Yes, indeed, there was a ball and we suppressed our inner wallflowers to attend. My friend made our gowns. She wore an evening gown, and I wore an afternoon dress (hey, at least it was period appropriate):

Some scenes from the ball:

Here some folks are dancing "Mr Beveridge's Maggot (Favorite)", which some of you will appreciate knowing that this is the dance from the famous scene in Pride & Prejudice (1995) where Mr. Darcy and Elizabeth dance together for the first time:

Of course, the folks at this little ball weren't as graceful. There was lots of laughing and stumbling and wrong turns and bumps. It was all thoroughly fun.

More pictures over at my flickr.

**Jane Austen

Thursday, July 16, 2009

What do you see?

Pope's heroic stance

Loch Ness monster plant in our front yard

More pictures up at my flickr:

Tuesday, July 14, 2009

Knowing a place

I remember returning from a trip abroad in France, when I was 15. I was quite disappointed with Rockford. We returned at night, and I remember looking out the window of the bus at the storefronts lining State Street and feeling acutely (acutely, as only a teenager can, however unnecessary the emotional burden!) a sense of despair at how drab and uninspired the buildings were in comparison to the centuries old architecture we had seen. Rockford suddenly seemed a very narrow place, seemingly unanchored by history and adrift in a sea of cornfields that paled in comparison to the lavender fields dotting the back of Provence. This was the perception of a teenager who was itching to grow up and see more of the world, having just realized how vast the world truly is. Rockford was pitifully tiny in comparison. How could it compete?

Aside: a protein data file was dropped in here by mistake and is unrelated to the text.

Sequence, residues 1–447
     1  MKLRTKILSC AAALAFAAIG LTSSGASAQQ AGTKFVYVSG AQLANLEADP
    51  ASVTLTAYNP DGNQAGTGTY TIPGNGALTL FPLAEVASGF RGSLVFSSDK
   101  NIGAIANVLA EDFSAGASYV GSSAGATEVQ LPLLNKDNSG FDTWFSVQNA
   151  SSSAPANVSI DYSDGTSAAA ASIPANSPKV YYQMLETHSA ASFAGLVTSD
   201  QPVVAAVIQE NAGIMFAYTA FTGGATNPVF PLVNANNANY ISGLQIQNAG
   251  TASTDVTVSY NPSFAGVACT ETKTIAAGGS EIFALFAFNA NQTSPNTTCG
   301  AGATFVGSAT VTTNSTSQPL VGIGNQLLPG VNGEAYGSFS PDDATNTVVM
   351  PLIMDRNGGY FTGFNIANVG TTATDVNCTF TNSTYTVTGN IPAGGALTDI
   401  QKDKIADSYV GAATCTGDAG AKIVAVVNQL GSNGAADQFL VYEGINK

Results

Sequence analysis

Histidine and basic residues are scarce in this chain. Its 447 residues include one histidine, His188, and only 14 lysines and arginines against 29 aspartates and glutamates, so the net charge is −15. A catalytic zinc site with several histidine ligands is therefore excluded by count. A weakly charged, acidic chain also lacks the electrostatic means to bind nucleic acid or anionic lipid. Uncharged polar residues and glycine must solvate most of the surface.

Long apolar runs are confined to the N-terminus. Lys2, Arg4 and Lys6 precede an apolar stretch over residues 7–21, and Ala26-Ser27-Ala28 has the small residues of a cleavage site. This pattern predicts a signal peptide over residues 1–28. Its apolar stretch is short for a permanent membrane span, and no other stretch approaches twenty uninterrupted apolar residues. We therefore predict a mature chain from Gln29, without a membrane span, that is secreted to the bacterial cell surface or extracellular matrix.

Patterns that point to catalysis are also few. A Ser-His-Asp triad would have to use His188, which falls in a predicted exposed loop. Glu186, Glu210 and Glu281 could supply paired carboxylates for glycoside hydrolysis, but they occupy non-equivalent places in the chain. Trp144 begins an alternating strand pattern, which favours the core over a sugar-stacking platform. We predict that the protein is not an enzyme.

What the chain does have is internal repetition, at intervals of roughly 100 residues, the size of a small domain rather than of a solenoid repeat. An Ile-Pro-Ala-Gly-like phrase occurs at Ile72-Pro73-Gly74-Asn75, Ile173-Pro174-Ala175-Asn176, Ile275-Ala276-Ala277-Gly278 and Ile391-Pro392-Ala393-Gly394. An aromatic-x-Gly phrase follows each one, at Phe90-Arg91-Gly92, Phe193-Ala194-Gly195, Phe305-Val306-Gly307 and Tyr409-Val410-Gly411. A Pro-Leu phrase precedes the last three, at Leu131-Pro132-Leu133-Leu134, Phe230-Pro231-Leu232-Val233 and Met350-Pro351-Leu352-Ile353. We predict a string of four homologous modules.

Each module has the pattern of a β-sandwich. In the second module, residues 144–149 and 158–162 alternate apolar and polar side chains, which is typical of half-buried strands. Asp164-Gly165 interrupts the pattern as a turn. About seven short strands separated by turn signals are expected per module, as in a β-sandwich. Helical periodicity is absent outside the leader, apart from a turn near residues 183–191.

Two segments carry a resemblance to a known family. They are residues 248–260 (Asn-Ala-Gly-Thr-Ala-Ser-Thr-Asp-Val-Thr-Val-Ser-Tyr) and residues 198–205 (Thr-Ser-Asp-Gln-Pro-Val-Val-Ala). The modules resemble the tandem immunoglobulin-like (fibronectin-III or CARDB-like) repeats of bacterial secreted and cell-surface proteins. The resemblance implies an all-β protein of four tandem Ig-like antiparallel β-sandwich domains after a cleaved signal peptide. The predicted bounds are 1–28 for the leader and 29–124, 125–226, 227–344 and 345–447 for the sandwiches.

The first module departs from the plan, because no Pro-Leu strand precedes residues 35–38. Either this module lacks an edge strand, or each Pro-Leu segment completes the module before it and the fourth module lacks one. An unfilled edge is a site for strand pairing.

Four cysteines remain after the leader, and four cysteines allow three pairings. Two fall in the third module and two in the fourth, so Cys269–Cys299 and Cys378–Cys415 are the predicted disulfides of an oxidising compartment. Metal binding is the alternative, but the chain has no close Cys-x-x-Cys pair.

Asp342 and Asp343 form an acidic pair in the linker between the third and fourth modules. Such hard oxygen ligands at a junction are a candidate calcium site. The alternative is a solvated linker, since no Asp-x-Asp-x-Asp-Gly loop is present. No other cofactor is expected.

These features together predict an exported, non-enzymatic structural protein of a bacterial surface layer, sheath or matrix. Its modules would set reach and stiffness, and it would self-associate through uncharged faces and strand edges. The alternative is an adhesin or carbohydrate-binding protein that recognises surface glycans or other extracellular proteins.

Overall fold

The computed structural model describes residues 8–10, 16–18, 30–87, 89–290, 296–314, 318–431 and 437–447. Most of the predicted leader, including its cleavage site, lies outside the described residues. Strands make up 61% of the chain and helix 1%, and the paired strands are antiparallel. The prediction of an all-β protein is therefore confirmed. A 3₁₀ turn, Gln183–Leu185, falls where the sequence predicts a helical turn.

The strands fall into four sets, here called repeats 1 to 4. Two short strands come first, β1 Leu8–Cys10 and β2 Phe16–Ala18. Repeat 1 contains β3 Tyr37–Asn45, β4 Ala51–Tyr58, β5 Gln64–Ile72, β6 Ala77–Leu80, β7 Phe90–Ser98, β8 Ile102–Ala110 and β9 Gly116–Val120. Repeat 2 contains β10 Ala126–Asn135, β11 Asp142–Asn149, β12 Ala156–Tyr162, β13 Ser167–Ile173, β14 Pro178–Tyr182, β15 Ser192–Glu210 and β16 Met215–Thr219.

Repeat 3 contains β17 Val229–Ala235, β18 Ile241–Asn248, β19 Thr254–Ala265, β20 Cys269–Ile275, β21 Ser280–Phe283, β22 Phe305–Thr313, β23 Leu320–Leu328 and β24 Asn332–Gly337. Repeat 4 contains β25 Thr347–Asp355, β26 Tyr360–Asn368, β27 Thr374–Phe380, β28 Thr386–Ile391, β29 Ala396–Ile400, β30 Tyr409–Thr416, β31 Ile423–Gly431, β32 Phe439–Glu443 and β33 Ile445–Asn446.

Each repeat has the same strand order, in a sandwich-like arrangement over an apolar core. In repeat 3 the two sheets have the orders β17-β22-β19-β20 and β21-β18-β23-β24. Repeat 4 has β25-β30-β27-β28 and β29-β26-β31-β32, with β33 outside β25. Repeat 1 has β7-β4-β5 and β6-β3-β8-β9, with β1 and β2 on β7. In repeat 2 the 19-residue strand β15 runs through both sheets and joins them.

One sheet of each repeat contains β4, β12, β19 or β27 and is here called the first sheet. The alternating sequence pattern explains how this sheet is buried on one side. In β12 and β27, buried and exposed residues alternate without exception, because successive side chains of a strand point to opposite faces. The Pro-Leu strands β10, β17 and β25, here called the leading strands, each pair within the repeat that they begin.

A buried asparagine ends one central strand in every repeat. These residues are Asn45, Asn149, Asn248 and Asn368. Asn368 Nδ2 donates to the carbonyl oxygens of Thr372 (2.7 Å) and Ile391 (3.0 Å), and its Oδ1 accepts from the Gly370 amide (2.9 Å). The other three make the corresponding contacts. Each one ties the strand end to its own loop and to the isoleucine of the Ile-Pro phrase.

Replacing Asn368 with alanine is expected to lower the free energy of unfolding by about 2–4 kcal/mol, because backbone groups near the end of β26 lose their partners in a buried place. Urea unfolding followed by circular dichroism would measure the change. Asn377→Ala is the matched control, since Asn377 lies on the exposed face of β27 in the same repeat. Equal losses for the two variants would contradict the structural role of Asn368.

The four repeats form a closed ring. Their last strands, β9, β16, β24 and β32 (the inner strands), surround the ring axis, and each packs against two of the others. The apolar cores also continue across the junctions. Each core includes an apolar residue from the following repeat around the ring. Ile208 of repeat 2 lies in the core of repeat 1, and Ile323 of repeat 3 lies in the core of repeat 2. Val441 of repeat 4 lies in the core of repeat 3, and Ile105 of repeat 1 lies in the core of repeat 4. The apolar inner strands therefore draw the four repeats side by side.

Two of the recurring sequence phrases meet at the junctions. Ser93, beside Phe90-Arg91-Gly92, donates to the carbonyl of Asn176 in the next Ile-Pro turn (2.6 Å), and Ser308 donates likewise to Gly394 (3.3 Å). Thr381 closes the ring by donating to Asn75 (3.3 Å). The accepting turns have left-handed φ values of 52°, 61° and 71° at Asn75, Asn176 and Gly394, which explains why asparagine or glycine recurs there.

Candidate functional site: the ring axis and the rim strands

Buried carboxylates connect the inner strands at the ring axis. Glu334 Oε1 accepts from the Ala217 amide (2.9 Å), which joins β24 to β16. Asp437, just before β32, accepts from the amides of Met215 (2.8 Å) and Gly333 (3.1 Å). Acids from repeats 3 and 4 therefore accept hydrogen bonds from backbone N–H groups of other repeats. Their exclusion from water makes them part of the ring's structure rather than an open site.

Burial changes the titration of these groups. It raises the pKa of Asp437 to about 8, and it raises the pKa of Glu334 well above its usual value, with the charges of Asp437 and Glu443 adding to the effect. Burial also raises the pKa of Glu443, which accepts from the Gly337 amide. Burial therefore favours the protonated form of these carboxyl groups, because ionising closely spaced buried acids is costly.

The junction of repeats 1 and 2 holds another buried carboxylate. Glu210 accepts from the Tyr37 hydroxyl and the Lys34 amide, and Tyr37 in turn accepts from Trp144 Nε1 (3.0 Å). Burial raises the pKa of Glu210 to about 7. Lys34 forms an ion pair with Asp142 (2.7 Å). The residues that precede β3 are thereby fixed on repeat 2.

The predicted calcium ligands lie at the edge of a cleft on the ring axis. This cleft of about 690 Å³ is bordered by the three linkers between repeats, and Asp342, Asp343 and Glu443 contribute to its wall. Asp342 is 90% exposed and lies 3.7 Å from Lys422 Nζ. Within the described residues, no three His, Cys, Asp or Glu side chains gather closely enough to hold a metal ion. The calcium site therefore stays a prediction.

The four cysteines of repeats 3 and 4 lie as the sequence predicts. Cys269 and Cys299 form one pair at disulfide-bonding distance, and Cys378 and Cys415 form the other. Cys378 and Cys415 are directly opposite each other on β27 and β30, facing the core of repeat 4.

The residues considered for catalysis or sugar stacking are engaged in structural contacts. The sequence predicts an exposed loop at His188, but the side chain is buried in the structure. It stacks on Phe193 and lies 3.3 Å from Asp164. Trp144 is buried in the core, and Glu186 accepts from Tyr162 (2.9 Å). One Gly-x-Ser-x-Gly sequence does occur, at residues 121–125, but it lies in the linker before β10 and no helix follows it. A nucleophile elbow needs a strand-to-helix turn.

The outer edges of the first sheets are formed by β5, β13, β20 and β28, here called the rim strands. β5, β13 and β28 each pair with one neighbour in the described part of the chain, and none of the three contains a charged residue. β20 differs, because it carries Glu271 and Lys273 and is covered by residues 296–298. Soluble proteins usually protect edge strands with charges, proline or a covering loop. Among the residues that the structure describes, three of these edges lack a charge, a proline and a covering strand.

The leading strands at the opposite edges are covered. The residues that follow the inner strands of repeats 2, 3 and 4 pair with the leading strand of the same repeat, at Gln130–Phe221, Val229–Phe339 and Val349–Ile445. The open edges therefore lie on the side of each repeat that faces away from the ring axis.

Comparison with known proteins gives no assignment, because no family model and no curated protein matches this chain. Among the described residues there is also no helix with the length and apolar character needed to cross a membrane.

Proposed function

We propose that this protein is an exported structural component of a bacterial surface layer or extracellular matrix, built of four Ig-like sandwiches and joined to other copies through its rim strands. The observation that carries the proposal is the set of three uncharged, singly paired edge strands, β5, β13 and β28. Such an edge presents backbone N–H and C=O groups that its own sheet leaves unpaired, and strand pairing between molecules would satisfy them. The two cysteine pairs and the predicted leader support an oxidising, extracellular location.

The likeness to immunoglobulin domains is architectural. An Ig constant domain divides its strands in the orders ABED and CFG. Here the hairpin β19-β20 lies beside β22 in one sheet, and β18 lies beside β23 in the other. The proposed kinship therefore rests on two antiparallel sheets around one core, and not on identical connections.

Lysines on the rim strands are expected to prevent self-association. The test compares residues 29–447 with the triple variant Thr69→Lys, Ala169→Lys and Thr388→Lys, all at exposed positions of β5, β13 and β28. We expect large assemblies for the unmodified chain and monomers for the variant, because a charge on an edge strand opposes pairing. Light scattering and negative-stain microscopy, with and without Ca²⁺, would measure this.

Now that I am grown up, my perception has shifted. I no longer see home as a place that has been exhausted of possibilities. Rather, the narrow-mindedness of youth has fallen away and I am seeing home with new eyes, even as I slip comfortably back into my niche when I return home to visit.

We shall not cease from exploration, and the end of all our exploring will be to arrive where we started and know the place for the first time.--T.S. Eliot

Monday, July 13, 2009

Home is where one starts from.*

These are some things I always do when I go home to visit:
  • eat Swedish pancakes for breakfast at the Stockholm Inn
  • have long early morning conversations with my mother
  • drive one or more of Grandma's secret ninja routes (she has elaborate backroad ways to avoid turning left at busy intersections)
  • visit with my dear friend and cousin Rosie
  • see a bad movie with my father
  • cuddle the terror of the house for a few moments before the fangs come out
  • go shopping in Grandma's basement
  • wander through Poska's (a bohemian shop with an antique-y flair) for inspiration
  • walk around the backyard and think of Bear, our late dog
If I included everything, the list would be too long and you would be bored and wondering why you still read my blog.

One of the reasons I like the Harry Potter books is because I can entertain the notion of apparating--do a graceful turn and show up 500 miles north in my parent's kitchen, much to the cat's consternation. Visits home are too brief.

*T.S. Eliot


I'm back to work, and back on the computer. Sorry my postings have been remiss. I was up in the techno-wilderness of Illinois visiting with family and friends.

Being away from a computer (mostly) for a week was actually not that bad.